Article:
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All You Need Is Kill
Hiroshi Sakurazaka
The Two Towers
J.R.R. Tolkien
The Society of the Spectacle
Guy Debord, Donald Nicholson-Smith
Les Misérables
Victor Hugo, Norman MacAfee, Lee Fahnestock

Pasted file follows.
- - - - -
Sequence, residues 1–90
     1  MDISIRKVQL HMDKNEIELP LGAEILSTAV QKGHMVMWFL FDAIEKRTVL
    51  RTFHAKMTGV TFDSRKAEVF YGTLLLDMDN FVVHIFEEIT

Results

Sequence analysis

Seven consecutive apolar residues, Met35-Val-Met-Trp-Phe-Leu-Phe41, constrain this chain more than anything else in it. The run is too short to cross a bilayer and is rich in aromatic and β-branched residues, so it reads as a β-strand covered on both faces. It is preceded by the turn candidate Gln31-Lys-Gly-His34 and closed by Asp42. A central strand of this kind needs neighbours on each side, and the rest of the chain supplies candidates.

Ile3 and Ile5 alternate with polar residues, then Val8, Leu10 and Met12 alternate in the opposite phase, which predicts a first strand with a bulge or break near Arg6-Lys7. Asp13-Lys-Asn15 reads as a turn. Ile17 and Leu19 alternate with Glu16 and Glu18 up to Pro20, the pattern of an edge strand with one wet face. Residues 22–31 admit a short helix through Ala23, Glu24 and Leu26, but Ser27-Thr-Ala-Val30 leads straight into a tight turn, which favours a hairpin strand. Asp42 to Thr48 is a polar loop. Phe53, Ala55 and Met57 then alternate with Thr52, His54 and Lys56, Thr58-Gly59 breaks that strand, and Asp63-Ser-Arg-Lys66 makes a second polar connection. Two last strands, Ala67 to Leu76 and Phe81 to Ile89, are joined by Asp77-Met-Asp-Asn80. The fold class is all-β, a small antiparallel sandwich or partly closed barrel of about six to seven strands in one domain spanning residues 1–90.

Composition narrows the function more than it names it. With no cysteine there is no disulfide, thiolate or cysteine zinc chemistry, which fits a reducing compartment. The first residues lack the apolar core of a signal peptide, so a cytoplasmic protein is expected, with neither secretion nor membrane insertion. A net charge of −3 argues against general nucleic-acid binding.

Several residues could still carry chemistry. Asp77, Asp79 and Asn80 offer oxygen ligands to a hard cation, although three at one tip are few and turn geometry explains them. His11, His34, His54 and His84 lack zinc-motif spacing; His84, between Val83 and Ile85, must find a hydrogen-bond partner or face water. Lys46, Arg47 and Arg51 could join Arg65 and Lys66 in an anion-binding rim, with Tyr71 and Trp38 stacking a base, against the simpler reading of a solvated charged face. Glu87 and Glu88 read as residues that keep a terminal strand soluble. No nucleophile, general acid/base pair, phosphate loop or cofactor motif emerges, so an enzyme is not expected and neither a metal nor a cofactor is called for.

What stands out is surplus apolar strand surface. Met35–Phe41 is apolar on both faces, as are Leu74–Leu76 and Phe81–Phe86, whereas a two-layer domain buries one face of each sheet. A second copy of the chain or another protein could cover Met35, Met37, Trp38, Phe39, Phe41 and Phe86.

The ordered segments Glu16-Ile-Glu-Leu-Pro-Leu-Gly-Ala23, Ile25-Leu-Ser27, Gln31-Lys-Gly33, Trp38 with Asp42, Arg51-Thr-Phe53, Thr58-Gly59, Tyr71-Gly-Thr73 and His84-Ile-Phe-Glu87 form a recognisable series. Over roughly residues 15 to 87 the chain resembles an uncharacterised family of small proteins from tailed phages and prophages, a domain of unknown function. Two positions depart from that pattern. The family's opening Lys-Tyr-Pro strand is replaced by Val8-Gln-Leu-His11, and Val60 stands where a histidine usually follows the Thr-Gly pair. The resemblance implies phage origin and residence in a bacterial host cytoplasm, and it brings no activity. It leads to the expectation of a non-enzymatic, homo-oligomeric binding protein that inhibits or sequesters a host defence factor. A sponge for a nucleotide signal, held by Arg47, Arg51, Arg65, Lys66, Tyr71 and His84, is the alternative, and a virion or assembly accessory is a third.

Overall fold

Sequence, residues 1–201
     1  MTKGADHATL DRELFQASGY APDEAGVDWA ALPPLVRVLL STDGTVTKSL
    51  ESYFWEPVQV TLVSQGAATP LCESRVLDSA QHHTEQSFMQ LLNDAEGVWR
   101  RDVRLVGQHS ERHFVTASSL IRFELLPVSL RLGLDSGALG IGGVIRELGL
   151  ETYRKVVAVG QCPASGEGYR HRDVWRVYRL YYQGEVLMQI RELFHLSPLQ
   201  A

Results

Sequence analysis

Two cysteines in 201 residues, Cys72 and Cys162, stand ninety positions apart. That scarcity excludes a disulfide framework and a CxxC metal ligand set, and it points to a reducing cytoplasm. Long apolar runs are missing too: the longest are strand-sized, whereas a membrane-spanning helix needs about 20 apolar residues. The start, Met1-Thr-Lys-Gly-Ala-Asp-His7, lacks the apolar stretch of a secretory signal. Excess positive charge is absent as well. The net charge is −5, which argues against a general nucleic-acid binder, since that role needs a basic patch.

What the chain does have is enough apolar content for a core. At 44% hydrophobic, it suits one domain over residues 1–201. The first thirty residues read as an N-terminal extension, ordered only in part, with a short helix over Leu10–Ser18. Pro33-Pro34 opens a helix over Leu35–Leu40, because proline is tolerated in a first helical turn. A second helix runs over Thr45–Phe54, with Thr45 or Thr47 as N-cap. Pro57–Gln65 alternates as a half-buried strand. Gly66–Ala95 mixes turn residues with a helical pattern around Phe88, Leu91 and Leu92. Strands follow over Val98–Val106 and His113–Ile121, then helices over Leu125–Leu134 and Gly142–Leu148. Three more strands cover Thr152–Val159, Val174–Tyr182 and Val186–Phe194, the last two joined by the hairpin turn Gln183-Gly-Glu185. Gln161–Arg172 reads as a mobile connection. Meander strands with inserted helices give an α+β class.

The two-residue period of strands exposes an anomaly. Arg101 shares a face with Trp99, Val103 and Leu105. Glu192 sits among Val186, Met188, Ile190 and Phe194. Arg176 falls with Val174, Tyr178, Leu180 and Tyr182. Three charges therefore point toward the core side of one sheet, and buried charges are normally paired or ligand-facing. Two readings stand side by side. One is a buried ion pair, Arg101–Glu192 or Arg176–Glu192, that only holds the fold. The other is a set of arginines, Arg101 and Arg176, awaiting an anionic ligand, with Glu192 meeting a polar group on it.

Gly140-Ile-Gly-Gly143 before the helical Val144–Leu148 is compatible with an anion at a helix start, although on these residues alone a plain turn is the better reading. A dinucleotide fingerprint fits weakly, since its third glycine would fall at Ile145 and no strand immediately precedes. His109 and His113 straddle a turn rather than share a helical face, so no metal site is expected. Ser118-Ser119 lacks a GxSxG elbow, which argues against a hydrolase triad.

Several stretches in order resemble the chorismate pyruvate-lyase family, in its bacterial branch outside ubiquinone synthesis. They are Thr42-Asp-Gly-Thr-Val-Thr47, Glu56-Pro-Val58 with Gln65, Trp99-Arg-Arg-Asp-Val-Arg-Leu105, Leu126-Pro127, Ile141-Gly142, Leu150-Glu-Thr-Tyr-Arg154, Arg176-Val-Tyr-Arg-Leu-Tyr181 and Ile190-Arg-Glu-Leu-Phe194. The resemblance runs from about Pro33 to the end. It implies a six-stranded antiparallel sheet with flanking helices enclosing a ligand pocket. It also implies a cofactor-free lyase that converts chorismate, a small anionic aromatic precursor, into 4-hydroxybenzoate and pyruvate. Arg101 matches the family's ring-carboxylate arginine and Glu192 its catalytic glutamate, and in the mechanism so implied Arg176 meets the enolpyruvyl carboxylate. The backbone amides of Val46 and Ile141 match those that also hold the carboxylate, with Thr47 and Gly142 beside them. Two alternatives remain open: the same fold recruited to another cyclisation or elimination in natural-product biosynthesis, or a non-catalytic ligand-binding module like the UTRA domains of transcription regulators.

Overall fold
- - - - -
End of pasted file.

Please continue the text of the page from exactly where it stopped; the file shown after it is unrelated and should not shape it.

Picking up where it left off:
Ways of Seeing - John Berger This is the book I recommend when people tell me they don't know much about art and want to learn about it. I like this better than general art and art history books because those tend to be bogged down with dry facts and too many historical details, whereas Ways of Seeing is very short, easy to understand, and demystifies art to the general public without having the reader struggle to remember names and dates. Berger explores the ways in which images (both fine art images and commercial images) create meaning and are used, as well as offering insight on the relationships between art, the artist, and the viewer. Although this book was written in the early 70s, it is still very much relevant, and the chapter on advertising seems to apply even more so now. My only criticism is that the pictures are not in colour! To someone with a basic background in art history or culture theory, this book may seem overly simplistic but I think it's a great one to start off with for anyone who wants to examine and question the visual world in which we live.